In both our gardens and at the local Farmer's Markets, it is prime time for fresh fruits and vegetables in San Mateo. During the cold, damp days of the winter to come, what could be better than opening a home canned jar of peaches and enjoying a taste of summer?
August 13th is the first National Can-It-Forward Day. Jardin Home Brands (Ball Canning) has joined with Canning Across America to celebrate summer's harvest. You can learn just how easy saving summer in a jar can be through on-line videos, hosting a Canning Party, and free recipes.
This weekend I decided to take advantage of both my garden's yield and a Farmer's Market find to try out some of recipe's offered. I intended to just put away a little bit for winter and have some fun.
But some time during the night, my brain short circuited and got hooked like a broken record. Can, can, can. And I am not talking about the dance. I woke up and made a beeline to the garage. Buried under a fifty cup coffee maker (I keep in the event Starbucks goes under) and stuck in a corner that was practically plastered under cobwebs was my goal, the largest canning pot ever produced for home use. Cartons of jars and lids were mined from the from the castoff appliance corner like nuggets of gold from the mother lode.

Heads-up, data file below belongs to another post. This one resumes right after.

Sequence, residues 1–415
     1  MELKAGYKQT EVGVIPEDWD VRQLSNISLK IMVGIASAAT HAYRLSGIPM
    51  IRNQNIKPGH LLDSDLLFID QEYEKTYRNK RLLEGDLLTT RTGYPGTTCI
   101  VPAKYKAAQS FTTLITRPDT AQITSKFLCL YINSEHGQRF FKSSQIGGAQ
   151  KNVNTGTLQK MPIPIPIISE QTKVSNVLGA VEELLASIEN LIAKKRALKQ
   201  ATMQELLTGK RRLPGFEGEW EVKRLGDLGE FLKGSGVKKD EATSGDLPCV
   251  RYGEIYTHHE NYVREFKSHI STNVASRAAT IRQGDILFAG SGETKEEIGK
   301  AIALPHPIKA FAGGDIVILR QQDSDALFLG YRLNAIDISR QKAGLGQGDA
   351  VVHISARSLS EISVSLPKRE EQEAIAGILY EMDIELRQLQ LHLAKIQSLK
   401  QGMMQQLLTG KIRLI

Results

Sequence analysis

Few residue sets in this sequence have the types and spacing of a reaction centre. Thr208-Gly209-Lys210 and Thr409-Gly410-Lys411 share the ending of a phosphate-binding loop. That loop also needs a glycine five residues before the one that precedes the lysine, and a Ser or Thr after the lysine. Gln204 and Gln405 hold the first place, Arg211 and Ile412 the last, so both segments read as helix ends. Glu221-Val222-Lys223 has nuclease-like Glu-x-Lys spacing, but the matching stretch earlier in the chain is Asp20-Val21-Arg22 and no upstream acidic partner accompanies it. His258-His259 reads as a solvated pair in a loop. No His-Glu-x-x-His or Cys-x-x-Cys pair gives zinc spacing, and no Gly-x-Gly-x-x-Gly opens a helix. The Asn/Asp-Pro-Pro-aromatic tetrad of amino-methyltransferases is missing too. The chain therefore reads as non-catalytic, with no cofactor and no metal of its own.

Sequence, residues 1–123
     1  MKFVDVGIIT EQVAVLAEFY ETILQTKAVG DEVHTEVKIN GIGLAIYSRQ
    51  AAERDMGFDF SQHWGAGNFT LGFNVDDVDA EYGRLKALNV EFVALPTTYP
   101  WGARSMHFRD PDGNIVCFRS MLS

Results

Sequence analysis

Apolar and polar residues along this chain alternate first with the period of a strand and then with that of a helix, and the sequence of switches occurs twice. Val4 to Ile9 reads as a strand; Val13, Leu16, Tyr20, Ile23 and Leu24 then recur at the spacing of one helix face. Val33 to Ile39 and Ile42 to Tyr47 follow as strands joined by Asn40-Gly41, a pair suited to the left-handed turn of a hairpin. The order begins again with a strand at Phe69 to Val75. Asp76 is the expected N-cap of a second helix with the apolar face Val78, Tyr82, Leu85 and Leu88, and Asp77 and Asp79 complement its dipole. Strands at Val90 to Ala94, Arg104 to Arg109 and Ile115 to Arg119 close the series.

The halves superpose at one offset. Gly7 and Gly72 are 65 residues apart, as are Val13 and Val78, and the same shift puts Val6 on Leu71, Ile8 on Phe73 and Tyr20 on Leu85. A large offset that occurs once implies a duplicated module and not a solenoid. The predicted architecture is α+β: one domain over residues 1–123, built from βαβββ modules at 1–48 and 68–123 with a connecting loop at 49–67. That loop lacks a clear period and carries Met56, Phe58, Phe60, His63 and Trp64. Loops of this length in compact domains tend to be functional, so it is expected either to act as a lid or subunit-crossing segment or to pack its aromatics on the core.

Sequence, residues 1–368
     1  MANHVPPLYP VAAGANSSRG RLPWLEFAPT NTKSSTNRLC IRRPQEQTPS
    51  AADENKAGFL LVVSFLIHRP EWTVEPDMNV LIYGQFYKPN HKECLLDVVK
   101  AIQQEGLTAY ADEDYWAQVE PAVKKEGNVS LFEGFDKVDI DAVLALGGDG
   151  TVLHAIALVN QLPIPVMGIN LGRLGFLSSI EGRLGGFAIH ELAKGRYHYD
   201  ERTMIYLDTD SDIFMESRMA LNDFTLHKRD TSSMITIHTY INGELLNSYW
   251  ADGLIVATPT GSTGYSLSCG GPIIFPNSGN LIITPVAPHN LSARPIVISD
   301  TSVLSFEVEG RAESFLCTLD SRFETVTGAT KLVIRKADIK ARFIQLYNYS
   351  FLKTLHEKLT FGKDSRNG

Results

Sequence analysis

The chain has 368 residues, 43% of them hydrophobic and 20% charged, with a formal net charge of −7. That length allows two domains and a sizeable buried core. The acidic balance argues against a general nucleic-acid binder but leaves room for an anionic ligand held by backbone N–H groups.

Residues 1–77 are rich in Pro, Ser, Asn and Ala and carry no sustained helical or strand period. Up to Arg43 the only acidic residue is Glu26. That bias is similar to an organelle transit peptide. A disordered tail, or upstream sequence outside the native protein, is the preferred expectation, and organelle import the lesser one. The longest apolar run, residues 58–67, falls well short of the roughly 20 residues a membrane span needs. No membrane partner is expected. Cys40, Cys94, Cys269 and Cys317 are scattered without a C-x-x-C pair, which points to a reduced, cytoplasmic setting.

I should warn you, canning at my house is not for the faint of heart. I may be just a wee bit competitive.
The canning and preserving cookbooks go along happily instructing you through 2.5 million little steps for one can of pie filling. At the end they all say the same thing, do it correctly or die, literally. Keeping this in mind, I did all the right things, boiling my jars as if they were to be used in a heart transplant operation, tossing my apple slices in lemon to save them the embarrassment a tan would bring, caramelizing my sugar to the correct temperature so that when it hardened in my hair it would require surgical removal.
Pots of one thing or another cooked for 7 straight hours. The sink filled with green and red spaghetti like peels. The floor magically took on extra gravitational pull, sucking sugar, flour, and liquids together until a gummy substance covered it.
Every jar I own is filled with pie filling, applesauce and sliced peaches. The pantry was full after the first batch, but I didn't let that stop me. I can always store them under the bed, behind the sofa, or make a mantle display.
Now my apple and peach canning is done for the year. The apple tree in the yard bears the scars of the weekend frenzy (grabbed a branch to balance on the ladder and it snapped off, consider it early pruning), as does my kitchen. I felt as if I was living on a farm surrounded by nature's bounty. Then I looked around the kitchen. I was living on a farm alright, the funny farm. But this winter, I can close my eyes, take a bite of peach, and be transported back to summer.